Written by: Rachael Keefe

Does Superman play Tetris?

This election stuff is getting to me. I find myself turning off the radio, avoiding television, and skipping over a lot of FB posts. I have known for many months …

Does Superman play Tetris?

This election stuff is getting to me. I find myself turning off the radio, avoiding television, and skipping over a lot of FB posts. I have known for many months which candidates are going to get my vote and I am done with the political propaganda. Unfortunately, some things still get through like Romney’s promise to make hospital visitation rights of gay family members an issue for states to settle. Isn’t there a reason why Obama signed the bill to allow gay partners and parents visitation rights instead of letting states determine such things? Or, worse, Mr. Mourdock’s statement that a child resulting from rape or incest is the will of God. Does he really believe this or is it just so he doesn’t have to admit that there are circumstances in which a woman should have the right to choose abortion? And really, why is abortion still an issue in this election? What drives this need to turn back time?

Strangely, two not so political news articles might point to answers. One story was about the success of the game Tetris. I am a huge Tetris fan. My wedding even had a Tetris theme. It is a very compelling game. The author suggested that Tetris taps into a deep need for order. Maybe so. But I think that the desire to return to a time with clear moral answers might be part of what drives current US politics. The idea that abortion is always the wrong choice or that pregnancy is always the will of God or that being gay is a sin is somehow appealing in these uncertain times. Moral ambiguity is disquieting and candidates who seem more inclined to repeat history than to risk progressing into the future might feel like a safer bet.

Online home of the Rev. Dr. Rachael Keefe.

We like order and predictability as much as we like what is familiar. Of course, this is fine for Tetris but not so great in politics. (For the full Tetris article, see http://www.bbc.com/future/story/20121022-the-psychology-of-tetris)

The second news story that might shed some light on the media mess this election season tells about Clark Kent quitting his job. Apparently, Superman is dissatisfied with the pursuit of entertainment over journalism. Sure, it might be more complicated than that, but for a super hero who is always on the side of Justice, how could he not quit? Shouldn’t news be more than entertainment in print or on the web? Wouldn’t it be nice if real life news agencies could get this idea. MSNBC? FOX? I applaud Superman for taking a stand. I’d hope that more people would not be swayed by the exaggerated and distorted reporting and advertising of this political campaign. We can play Tetris and read Superman comics for entertainment. Our politicians and reporters should try facts over biased opinions more often. (For one of the Superman stories, see http://www.bbc.co.uk/news/world-us-canada-20050483)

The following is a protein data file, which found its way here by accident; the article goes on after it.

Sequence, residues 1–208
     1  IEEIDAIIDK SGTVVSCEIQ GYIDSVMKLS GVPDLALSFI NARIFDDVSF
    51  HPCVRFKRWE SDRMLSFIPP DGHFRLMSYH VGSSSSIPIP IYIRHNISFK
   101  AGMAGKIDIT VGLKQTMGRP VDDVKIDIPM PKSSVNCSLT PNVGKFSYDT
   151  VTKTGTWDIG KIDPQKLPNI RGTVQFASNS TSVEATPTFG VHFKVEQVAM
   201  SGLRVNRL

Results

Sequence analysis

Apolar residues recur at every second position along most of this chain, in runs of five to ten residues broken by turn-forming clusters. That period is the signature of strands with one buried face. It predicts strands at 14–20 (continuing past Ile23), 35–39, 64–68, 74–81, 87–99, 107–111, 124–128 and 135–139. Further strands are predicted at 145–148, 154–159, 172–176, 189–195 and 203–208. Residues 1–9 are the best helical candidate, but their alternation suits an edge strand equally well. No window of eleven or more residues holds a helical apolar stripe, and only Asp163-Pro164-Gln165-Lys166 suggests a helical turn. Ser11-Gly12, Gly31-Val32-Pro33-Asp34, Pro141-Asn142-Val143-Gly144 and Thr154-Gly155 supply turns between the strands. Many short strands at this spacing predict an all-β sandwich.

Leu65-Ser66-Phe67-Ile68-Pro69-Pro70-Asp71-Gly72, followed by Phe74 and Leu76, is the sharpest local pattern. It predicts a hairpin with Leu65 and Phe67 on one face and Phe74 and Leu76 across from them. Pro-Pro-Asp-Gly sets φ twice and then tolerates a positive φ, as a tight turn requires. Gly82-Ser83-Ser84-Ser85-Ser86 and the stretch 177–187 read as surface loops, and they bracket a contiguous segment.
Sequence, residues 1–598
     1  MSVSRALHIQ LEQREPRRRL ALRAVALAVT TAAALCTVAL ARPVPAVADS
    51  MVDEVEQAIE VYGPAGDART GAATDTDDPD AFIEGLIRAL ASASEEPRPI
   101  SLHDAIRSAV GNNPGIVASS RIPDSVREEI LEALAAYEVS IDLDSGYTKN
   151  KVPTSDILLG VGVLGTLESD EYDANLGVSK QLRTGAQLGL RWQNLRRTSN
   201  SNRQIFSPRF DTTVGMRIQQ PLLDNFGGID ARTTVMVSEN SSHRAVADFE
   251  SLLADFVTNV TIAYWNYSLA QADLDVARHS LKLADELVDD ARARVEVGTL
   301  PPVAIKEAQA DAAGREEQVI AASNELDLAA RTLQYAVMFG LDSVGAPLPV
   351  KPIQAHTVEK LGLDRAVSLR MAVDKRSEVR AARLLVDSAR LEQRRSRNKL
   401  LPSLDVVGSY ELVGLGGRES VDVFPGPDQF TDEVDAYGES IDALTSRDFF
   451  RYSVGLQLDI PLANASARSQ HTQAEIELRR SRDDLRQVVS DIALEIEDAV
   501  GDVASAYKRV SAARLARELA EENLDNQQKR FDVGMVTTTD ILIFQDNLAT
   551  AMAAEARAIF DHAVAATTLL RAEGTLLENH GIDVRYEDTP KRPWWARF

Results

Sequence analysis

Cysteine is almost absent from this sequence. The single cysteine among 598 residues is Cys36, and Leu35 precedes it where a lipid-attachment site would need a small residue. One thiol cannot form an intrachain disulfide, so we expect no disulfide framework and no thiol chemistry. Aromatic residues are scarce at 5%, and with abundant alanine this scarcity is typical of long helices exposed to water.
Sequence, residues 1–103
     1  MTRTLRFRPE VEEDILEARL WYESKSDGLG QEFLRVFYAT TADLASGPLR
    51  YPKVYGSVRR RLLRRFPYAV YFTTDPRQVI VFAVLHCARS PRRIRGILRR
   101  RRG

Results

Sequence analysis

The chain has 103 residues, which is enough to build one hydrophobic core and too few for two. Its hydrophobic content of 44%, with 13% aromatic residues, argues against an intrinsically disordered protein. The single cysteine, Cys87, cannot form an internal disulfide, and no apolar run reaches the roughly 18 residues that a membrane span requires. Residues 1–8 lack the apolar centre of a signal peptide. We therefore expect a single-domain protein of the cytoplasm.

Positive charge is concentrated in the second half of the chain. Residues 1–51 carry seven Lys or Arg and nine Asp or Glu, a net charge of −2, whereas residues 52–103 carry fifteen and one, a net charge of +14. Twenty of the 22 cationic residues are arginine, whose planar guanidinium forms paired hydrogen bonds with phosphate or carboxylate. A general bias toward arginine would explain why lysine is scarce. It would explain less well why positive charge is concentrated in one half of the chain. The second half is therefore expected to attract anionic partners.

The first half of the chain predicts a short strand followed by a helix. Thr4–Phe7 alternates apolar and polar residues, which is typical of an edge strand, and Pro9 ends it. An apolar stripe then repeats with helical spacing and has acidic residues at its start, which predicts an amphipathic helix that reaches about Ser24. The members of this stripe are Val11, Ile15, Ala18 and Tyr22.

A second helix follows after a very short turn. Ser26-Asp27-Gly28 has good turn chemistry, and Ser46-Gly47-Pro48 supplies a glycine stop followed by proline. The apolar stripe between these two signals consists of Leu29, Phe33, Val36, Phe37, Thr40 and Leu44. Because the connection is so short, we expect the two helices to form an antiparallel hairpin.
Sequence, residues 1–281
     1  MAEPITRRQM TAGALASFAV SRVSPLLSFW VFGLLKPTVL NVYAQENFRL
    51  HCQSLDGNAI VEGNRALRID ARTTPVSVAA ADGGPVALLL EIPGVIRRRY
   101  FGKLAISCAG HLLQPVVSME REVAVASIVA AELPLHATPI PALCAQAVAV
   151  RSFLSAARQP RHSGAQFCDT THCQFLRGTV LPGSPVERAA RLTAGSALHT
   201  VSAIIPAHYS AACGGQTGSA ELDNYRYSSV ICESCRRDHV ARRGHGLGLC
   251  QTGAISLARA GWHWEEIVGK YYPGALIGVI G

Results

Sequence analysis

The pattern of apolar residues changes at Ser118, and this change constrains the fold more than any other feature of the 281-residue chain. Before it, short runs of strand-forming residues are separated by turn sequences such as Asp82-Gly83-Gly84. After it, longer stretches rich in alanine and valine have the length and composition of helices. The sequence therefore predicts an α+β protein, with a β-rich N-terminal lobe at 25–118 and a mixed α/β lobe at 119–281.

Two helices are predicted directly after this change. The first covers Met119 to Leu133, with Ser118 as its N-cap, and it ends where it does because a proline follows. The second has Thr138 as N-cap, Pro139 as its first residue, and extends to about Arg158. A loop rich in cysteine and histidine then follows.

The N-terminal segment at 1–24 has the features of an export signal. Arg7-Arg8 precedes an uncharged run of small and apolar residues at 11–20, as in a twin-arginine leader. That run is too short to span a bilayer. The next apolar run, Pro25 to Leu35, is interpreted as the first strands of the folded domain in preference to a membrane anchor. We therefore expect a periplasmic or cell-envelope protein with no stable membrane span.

Now what does Tetris and Superman have to do with the lectionary? On the surface, nothing much. But look a little deeper. This week’s readings are all about restoration and mercy. Job and Bartimaeus experienced restoration; they returned to a state much like they had previously experienced. They got this by standing up for themselves, challenging the status quo.

This is where  we leave Tetris and Superman behind and enter reality. In today’s world where so very little can be said to be absolutely right or completely wrong, we can learn much from both Job and Baritmaeus. First, Job stood his ground. He did not back down. Eventually, with humility, he recognized the limits of his understanding and God had mercy on him and restored him, and then some. Bartimaeus also was not content to let things be. He cried out to Jesus for mercy and it was given him. However neither of these men returned to living as they had in the past. Job was more blessed in the second half of his life than the first. And Bartimaeus became a follower of Jesus. Both moved into the future; they did not return to the past.

I’m tired of the struggle for justice for so many marginalized peoples. I am exhausted by the rhetoric of politicians. I don’t want to return to an era that limited rights for women, or the LGBT community, or anyone else. I don’t want to return to a time with certain morals because too many people were harmed by ignorance and injustice in those days. I’m all for restoration of fortune (and sight) literally and figuratively, but I’m not willing to pay the soul-destroying price that might be exacted if the politicians have their way. Mercy, true mercy, anyway, is truely priceless.

Online home of the Rev. Dr. Rachael Keefe.I worry about what is happening in this country and around the world. No amount of Tetris will diminish my concerns and Superman is too busy looking for new employment to come to the rescue. So, I cry out with Bartimaeus, Jesus, Son of David, have mercy.

RCL – Year B – Twenty-second Sunday after Pentecost – Reformation Sunday – October 28,2012

(photo from http://mortalkombat.wikia.com/wiki/Superman)

Series 1:
Job 42:1-6, 10-17
Psalm 34:1-8 [19-22]Series 2:
Jeremiah 31:7-9
Psalm 126
Hebrews 7:23-28
Mark 10:46-52

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About Rachael Keefe

Rachael is an author, a pastor, a teacher, and a poet. Her latest book (The Lifesaving Church - Chalice Press) is on faith and suicide prevention. She is currently the pastor of Living Table UCC in Minneapolis, and has launched a spiritual direction practice.

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